Sacramento tax audit attorney Jin Kim represents individuals and businesses under audit by the IRS and the State of California. She helps clients respond to correspondence audits, represent clients at office and field audits, and resolve assessed interest and penalties through appeals and tax resolution strategies. To learn more about how tax audit attorney Jin Kim can help you navigate your audit and mitigate tax liability, call her office at (916) 299-9913 for a free consultation.
About IRS Tax Audits & Examinations
The IRS is the government branch that is dedicated to examining taxes and if you’ve filed them correctly. Most people receive an audit notice at least once in their lives, and some people, like business owners, have a particularly high chance of being audited more than once. That being said, the term audit is actually a misnomer at this point. The proper term used by the IRS is ‘examination,’ and IRS agents assigned to audit you are actually called examiners. There are also three different types of audits. The type you get will depend on the complexity of the issues you’re faced with as well as your own personal circumstances.
If you’ve been selected for a correspondence audit, you can breathe – for a while, that is. Correspondence audits are reported to be the most common of the three types of IRS audits. The idea behind it is simple. The audit is done through correspondence, which is usually through registered mail. The auditor will send a letter detailing the issues, and you will be asked to provide an explanation or records, which you will send through the mail again. The IRS examiner will then examine the documents and either accept or reject them, along with an explanation. You might also be required to provide additional documents if they’re not convinced.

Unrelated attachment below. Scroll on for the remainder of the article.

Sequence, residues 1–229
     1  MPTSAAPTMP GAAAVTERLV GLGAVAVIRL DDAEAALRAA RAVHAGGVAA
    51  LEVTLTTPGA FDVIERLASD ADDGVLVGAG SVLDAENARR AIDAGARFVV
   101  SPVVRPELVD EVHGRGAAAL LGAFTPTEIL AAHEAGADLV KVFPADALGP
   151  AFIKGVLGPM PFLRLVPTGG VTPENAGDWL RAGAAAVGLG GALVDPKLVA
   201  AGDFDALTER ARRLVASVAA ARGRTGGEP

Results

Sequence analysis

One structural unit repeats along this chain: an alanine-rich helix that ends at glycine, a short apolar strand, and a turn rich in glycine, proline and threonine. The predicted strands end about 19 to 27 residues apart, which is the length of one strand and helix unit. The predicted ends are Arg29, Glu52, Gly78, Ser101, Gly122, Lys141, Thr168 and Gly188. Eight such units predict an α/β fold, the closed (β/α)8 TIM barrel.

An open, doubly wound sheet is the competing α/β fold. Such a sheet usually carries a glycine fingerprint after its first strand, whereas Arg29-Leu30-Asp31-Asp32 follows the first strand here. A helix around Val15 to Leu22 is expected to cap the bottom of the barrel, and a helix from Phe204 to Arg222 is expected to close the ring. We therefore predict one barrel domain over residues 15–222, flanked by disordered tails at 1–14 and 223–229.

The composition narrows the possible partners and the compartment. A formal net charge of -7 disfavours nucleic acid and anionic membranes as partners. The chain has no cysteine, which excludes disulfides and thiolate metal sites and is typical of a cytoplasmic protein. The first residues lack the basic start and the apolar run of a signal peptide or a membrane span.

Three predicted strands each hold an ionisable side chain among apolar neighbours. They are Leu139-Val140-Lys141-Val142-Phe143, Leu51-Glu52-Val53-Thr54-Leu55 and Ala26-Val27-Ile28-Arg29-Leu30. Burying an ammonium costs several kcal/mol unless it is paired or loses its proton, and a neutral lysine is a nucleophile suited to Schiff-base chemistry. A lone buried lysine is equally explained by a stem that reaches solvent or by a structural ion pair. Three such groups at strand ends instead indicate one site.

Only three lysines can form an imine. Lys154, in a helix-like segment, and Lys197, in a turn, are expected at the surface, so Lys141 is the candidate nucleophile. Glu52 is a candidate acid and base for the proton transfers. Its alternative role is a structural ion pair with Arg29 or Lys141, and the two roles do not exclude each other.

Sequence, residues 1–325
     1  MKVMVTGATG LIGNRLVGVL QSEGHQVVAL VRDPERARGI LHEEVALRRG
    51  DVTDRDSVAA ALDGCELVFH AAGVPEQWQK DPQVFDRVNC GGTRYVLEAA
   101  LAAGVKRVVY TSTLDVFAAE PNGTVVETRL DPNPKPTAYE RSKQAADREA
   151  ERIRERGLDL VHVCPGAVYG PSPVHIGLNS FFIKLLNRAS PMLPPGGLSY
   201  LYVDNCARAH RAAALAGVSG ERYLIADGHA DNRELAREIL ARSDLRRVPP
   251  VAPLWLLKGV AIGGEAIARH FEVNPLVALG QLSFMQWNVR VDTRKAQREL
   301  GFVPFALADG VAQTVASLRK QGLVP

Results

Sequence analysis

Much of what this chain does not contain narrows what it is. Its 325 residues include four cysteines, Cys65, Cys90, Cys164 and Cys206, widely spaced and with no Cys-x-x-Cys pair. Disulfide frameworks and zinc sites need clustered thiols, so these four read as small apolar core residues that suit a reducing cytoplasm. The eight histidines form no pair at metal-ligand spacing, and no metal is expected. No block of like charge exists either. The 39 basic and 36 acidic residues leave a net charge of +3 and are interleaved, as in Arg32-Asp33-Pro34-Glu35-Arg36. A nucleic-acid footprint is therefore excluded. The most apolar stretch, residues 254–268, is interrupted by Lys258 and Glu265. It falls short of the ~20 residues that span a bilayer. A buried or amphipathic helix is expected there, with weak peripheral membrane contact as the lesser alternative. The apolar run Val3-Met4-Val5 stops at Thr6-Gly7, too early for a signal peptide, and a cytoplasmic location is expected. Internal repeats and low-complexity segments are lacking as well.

It’s still a hectic process, but it’s relatively laid back compared to office and field audits. There’s still the risk of being levied additional taxes or civil penalties, but at least you wouldn’t have to go to an office and meet with the auditor. The downside, of course, is that it may feel like the audit is being dragged out too long – compared to an office or field office, that is.
An important tip if you’re undergoing correspondence audits – never send original copies of documents. You’ll never see them again. Make photocopies and send them instead.
This is the standard meet-and-greet with the auditor type of audit that most of us are familiar with. Office audits can be nerve-wracking. The disadvantage of office audits is that you’re on display for the examiner to see – and they’ll take full advantage of this. For example, it’s a common tactic for examiners to stay silent to prompt the other person into saying something to fill the silence. Sometimes, people end up incriminating themselves. The examiner will observe your movements and reactions, so it’s important to stay cool and calm, even if you feel anything but.
Staying quiet when you’re not prompted to say anything is another good tactic to avoid saying something you weren’t meant to divulge. Bring only the necessary documents. Try and be polite to the examiner – it never hurts.
Field audits are usually reserved for businesses, companies, partnerships, or trusts – taxpayers considered ‘big fish’ by the IRS. It’s because these taxpayers have a greater chance of misreporting or underreporting their taxes to earn more. For this reason, the IRS finds it necessary to be the one to go to the taxpayer’s place of business. A visit will allow them to have all the necessary records in one place – avoiding delaying tactics. Plus, the IRS examiner might be able to talk to employees or customers to fetter out any hidden mischief on the owner’s part.
If you’re up for a field audit, we highly suggest engaging the services of a tax professional. There will be complex issues involved, and since there’s more at stake, you’d want to cover any possible liability. If anything, it’s worth it for the peace of mind alone.